Students stay up for sick kids

WORTHY CAUSE<br> Elizabeth Lobato, 8, came from Southern California to participate in the Up ’til Dawn fundraising event Monday night at Chico State.

Elizabeth Lobato, 8, came from Southern California to participate in the Up ’til Dawn fundraising event Monday night at Chico State.

Photo By Leslie Williams

When asked about boys, Elizabeth Lobato blushes. The 8-year-old is also quick to note that her favorite color is pink.

On this night, she’s clutching a maroon and white teddy bear. Her left arm rests on her walker.

When Elizabeth was born, doctors warned her parents that she would not survive. Her legs, arms and collarbone were all broken during birth. She was quickly diagnosed with osteogenesis imperfecta, otherwise known as brittle-bone disease.

Monday (Nov. 13), Elizabeth and her mother, Mary, who live in Riverside, were in Chico to participate in the sixth-annual Up ’til Dawn letter-writing party at Chico State’s BMU Auditorium. With the event, students raise money for St. Jude Children’s Research Hospital, in Memphis, Tenn., by addressing pre-written donation letters to friends and family, which are then mailed out.

Last year, Chico State raised more than $103,000, coming in second place among the many participating schools, behind only the University of Memphis. More than 850 people attended the event and mailed out around 18,000 letters.

This year was bigger than ever, with more than 1,500 people attending and over 30,000 letters mailed, said Brook Freeman, a member of the Up ’til Dawn executive board.

“This is almost double last year,” he said. “It’s pretty incredible.”

St. Jude covers all treatment costs, regardless of insurance status, for patients with cancer, HIV and other genetic or immunologic diseases. Daily operating costs for the hospital are approximately $1,220,004, and that’s why donations are crucial, Freeman said. ‘This event is an easy way to make a large, and real, difference to people who need help.”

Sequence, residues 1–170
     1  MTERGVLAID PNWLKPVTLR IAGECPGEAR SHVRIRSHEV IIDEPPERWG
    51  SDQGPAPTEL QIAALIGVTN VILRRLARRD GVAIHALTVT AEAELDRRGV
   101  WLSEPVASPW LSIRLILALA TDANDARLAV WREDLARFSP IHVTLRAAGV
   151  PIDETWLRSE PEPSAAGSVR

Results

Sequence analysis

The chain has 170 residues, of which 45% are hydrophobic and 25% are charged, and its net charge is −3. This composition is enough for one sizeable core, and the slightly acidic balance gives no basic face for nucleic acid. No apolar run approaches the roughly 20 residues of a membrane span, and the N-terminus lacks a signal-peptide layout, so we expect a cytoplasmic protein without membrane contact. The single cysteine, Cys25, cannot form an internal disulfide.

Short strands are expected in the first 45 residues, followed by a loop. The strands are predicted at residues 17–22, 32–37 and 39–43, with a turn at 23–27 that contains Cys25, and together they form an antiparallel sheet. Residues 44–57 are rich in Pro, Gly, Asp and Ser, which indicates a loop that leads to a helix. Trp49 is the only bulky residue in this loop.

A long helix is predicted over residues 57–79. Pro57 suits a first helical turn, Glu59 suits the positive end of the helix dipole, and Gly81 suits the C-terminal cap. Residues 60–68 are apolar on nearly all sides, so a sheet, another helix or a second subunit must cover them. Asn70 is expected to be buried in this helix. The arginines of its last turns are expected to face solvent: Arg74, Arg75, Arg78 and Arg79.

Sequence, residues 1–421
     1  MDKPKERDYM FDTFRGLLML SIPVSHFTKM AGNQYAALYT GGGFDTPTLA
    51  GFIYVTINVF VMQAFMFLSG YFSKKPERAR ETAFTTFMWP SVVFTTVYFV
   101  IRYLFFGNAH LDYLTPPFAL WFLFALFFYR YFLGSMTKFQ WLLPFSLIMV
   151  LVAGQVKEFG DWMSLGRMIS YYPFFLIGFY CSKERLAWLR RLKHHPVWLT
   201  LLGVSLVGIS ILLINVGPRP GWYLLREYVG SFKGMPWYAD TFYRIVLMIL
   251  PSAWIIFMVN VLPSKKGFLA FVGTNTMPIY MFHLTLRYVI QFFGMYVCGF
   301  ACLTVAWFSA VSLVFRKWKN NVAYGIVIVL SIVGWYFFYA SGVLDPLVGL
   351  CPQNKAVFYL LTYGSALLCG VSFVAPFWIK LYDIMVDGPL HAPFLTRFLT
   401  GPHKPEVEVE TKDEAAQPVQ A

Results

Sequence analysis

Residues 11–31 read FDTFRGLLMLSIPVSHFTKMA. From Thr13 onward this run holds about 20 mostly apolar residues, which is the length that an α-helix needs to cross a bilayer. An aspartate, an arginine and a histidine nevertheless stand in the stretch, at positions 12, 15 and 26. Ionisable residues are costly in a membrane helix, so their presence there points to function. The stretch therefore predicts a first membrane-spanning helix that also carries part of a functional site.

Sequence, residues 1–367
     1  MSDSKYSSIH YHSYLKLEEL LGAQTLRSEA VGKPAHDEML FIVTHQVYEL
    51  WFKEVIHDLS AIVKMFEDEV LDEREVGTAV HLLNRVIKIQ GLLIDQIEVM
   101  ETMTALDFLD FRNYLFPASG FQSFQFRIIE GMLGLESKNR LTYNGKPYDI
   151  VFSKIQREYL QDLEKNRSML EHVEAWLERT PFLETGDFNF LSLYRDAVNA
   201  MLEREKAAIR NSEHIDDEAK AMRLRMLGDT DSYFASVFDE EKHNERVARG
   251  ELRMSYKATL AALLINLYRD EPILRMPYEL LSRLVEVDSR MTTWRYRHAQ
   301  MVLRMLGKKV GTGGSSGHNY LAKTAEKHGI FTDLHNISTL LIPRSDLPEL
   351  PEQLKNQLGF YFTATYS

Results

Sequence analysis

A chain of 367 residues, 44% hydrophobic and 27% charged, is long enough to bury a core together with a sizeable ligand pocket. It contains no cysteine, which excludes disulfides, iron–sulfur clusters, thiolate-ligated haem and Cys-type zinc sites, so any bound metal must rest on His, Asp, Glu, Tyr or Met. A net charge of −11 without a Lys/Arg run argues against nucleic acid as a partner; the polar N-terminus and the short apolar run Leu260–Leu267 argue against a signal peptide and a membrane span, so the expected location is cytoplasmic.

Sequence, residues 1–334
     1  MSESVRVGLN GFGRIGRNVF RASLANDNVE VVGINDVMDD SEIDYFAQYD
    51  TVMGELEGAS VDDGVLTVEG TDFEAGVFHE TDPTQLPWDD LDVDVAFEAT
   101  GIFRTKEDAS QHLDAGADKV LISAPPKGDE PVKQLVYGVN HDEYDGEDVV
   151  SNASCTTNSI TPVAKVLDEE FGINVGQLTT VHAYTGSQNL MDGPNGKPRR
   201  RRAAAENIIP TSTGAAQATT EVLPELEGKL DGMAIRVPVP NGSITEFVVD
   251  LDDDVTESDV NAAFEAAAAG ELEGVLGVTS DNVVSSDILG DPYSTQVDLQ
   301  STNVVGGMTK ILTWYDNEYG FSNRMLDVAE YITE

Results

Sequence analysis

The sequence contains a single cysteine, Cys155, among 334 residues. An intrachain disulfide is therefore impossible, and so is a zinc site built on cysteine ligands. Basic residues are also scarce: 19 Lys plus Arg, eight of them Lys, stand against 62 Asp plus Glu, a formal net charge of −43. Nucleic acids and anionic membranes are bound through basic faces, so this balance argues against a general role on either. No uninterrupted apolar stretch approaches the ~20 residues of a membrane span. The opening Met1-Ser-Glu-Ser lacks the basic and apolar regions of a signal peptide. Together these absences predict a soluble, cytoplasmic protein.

Donations allowed Elizabeth to receive the treatments she needed: bone marrow transplants and stem-cell infusion. She is now expected to live to the age of 50, at least.

More than 1,500 people congregated at BMU Auditorium to address letters on behalf of the St. Jude Children’s Research Hospital.

Photo By Leslie Williams

'When Elizabeth was first diagnosed, we wondered if people even cared if she lived or died,” Mary Lobato said. ‘Now we can see that so many people care, and it’s heartwarming.”

St. Jude treats some 4,900 children daily from all 50 states and more than 70 countries. Since its opening in 1962, the cure rate for acute lymphoblastic leukemia has increased from 4 percent to 94 percent, according to the hospital’s Web site.

Last summer, Chico State student and Up ’til Dawn executive board member Kasey Nunn got to see donations in action when she visited St. Jude. ‘There are huge murals, kids riding around on tricycles with IV hook-ups, and there’s such a positive energy,” she said.

By holding the event, Nunn hopes to show other students how important it is to be involved in saving the lives of the children. ‘It’s giving people something tangible,” she said. ‘I’m hoping to give them the feeling I got walking through the hospital.”

Her message reached at least one person in the crowded Bell Memorial Union auditorium. ‘It’s a pretty good feeling that you can save a child’s life or give them hope for a cure,” said Maisha Kamunde, who organized 15 other students to represent the Student Affiliates of the American Chemical Society.

Other than writing letters, students ate pizza and sandwiches, and watched the talents of yo-yo champ Augie Fash, Chico State cheerleaders and the step team. Attendees also had the chance to win raffle prizes, including a bike, gift certificates to businesses all over town, and Sacramento Kings tickets.

The performers and gifts weren’t the reason for coming, though. The work was all for the children at St. Jude.

‘It makes me feel happy to help kids, but also sad that they’re sick,” said Madison Bassow, an 11-year-old Shasta Elementary student whose father, Larry, was the event’s adviser. ‘It makes a big difference.”